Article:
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  1. #1
    Join Date
    Jul 2004
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    306

    Unanswered: Help tuning an incredibly cmplex query

    9.1 fp 4a on AIX 5.3

    Hey guys,

    I'm trying to tune a stupidly complex query (with an explain plan to match). The cost was initially estimated at over 750k timerons and I've managed to get it down to over 400k with some indexes.
    The only tablescan left on a base table is (I think) unavoidable (the column has only 4 different values, so the optimizer not surprisingly doesn't use an index on it)
    I've done a
    runstats on table <tname> with distribution on key columns and detailed indexes all
    for all tables in the query and I'm just looking for any pointers I can get on where to go next. I'm guessing it'd be good to reduce some of the sorts, and temp table scans or the IXSCAN+FETCH ops but I'm not having much luck.

    Is the query itself just plain bad?

    I know it'll eat up a lot of time just reading the db2exfmt output so I appreciate any time you guys take out to give it a looksie

    Cheers
    Attached Files Attached Files

  2. #2
    Join Date
    Dec 2007
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    Richmond, VA
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    Provided Answers: 5
    you will not get many responses with that jumbled mess of a text file try using code tags and put your sql in your post rather than an attachment.

    Dave Nance

  3. #3
    Join Date
    Jul 2004
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    306
    Quote Originally Posted by dav1mo
    you will not get many responses with that jumbled mess of a text file try using code tags and put your sql in your post rather than an attachment.

    Dave Nance
    Hey Dave,

    It's WAY too big to post in a code tag (many times the char limit). What viewer are you using? It formats just fine for me in Editpad.....

  4. #4
    Join Date
    May 2003
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    USA
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    5,737
    Did you try optimization level 7?
    M. A. Feldman
    IBM Certified DBA on DB2 for Linux, UNIX, and Windows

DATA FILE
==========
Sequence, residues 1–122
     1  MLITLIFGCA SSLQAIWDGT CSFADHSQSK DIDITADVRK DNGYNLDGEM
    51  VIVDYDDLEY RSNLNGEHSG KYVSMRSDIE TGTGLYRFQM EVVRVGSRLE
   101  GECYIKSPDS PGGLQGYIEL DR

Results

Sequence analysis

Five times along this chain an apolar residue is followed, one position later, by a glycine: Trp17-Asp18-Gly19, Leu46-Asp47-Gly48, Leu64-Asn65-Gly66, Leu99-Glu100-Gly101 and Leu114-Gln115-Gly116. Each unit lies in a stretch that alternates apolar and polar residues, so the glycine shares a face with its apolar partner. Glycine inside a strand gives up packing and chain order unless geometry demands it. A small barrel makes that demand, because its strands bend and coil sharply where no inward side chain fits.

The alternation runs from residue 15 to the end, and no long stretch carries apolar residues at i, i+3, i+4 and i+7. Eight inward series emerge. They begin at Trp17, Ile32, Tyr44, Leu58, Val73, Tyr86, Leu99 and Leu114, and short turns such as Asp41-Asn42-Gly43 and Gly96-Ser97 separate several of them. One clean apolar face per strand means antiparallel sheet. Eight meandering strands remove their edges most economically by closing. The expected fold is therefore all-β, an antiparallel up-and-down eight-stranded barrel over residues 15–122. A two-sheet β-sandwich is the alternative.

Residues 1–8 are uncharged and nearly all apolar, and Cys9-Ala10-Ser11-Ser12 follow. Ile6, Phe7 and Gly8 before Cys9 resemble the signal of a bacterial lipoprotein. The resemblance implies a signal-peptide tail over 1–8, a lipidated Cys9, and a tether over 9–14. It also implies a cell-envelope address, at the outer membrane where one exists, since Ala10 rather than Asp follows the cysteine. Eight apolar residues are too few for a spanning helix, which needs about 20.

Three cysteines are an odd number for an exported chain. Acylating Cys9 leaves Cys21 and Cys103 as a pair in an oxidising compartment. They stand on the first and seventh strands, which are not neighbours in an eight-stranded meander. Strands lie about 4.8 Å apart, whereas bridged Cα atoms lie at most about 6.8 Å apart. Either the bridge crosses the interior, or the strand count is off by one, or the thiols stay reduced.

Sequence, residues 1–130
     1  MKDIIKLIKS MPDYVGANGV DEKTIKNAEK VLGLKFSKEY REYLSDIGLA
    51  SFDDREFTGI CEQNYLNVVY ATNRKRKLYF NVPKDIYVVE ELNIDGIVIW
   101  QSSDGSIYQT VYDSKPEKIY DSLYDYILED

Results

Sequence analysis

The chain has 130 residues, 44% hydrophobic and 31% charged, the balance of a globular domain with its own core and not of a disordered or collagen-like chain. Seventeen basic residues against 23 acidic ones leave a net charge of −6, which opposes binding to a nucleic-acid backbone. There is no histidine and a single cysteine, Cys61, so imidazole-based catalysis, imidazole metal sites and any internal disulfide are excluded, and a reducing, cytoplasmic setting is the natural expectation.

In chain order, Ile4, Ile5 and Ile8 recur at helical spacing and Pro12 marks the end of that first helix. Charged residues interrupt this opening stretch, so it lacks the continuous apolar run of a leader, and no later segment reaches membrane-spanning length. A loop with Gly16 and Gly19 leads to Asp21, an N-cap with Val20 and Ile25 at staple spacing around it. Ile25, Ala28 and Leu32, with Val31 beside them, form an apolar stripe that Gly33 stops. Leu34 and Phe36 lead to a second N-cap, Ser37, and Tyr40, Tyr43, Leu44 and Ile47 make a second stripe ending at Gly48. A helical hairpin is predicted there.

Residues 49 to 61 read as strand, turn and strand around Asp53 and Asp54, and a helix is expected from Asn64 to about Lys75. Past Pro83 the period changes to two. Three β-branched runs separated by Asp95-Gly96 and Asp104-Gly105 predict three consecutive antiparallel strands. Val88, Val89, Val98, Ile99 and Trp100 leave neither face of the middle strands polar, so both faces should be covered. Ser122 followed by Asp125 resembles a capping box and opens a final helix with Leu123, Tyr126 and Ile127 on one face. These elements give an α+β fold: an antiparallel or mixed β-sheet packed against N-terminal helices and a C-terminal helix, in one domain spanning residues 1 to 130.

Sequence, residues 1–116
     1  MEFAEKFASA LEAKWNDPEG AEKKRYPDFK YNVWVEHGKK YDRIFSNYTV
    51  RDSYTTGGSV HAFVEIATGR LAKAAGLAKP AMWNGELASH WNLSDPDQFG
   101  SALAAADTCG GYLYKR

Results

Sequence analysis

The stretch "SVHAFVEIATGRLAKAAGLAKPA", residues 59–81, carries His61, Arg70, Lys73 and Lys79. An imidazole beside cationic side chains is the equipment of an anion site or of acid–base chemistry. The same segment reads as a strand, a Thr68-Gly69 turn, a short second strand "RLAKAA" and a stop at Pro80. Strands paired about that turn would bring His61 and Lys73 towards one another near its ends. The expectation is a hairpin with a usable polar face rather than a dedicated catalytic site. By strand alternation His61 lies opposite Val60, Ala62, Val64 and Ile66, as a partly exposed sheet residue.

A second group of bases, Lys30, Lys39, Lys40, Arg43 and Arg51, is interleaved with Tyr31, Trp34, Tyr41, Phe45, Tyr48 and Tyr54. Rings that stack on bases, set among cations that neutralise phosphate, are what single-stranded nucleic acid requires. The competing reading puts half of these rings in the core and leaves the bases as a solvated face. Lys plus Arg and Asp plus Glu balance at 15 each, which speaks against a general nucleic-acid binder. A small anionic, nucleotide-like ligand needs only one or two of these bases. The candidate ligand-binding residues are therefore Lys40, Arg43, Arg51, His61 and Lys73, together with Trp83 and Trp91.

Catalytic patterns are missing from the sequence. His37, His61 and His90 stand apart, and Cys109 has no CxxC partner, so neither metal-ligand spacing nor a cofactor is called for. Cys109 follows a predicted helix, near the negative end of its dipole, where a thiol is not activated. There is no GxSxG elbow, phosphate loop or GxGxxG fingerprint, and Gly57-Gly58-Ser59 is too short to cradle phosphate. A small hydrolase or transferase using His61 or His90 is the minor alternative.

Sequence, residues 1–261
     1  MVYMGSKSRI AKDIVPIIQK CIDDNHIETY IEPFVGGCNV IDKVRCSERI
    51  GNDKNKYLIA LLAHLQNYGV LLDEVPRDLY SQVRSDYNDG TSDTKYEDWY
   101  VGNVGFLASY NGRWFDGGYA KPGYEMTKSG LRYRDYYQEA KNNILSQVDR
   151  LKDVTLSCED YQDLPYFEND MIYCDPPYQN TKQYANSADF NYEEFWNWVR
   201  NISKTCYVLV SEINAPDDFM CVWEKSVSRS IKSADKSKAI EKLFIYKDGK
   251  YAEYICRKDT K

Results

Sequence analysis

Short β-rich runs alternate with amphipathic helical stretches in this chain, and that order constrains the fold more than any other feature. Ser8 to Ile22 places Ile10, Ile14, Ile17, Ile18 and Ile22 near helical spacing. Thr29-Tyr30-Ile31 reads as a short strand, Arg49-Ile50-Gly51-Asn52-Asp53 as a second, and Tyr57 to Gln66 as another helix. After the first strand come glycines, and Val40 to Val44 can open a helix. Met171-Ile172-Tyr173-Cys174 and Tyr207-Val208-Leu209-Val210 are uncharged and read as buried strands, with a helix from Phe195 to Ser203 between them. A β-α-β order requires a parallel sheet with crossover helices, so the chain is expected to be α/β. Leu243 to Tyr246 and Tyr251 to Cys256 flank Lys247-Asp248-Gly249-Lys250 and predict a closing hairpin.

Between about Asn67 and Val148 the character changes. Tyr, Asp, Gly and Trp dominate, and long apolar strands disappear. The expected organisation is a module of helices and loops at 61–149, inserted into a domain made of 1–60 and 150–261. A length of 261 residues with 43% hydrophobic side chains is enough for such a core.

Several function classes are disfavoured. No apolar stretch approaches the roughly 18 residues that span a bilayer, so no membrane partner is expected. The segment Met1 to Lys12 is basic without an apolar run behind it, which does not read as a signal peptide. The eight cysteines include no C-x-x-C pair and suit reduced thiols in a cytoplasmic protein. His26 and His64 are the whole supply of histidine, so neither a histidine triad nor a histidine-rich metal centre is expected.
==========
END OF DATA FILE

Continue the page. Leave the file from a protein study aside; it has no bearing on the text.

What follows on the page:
IBM Certified DBA on DB2 for z/OS and OS/390

  5. #5
    Join Date
    Jan 2009
    Location
    Zoetermeer, Holland
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    Did you feed this query to db2advis?

  6. #6
    Join Date
    Jan 2009
    Location
    Zoetermeer, Holland
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    why don't you "cut the crap" and loose the clipboard before you expose this to us?
    Code:
    WHERE    inventory.location = loc.location
    AND 1 = 1
    AND Lower(item.cusleadhouse) LIKE '%mirc%'
    AND 1 = 1
    AND 1 = 1

  7. #7
    Join Date
    May 2009
    Posts
    508
    Provided Answers: 1
    meehange, One thing you might look at is to remove all the extra columns that are not needed for the GROUP BY summarization (one obvious example is ' ' as onhand). Once the summarization is processed, then join to any other tables to get the 'display' information. This may include the LOC Nested table columns. The reduction in the row length will help reduce the Sort time as less data is being manipulated.

    PS I would try to refrain from writing join queries in the Select list. This just makes the code hard to follow. Joins should be in the From clause. If you will look at the optimized query, you will see that DB2 rewrote the query to do that.

  8. #8
    Join Date
    Jul 2004
    Posts
    306
    Quote Originally Posted by dr_te_z
    why don't you "cut the crap" and loose the clipboard before you expose this to us?
    Code:
    WHERE    inventory.location = loc.location
    AND 1 = 1
    AND Lower(item.cusleadhouse) LIKE '%mirc%'
    AND 1 = 1
    AND 1 = 1
    Yea thanks for that, this SQL is automatically generated by an out of the box software app... as such I have very little control over the SQL, you didn't seriously think a human being would create a statement that complex and then put that rubbish in there just for effect?!

  9. #9
    Join Date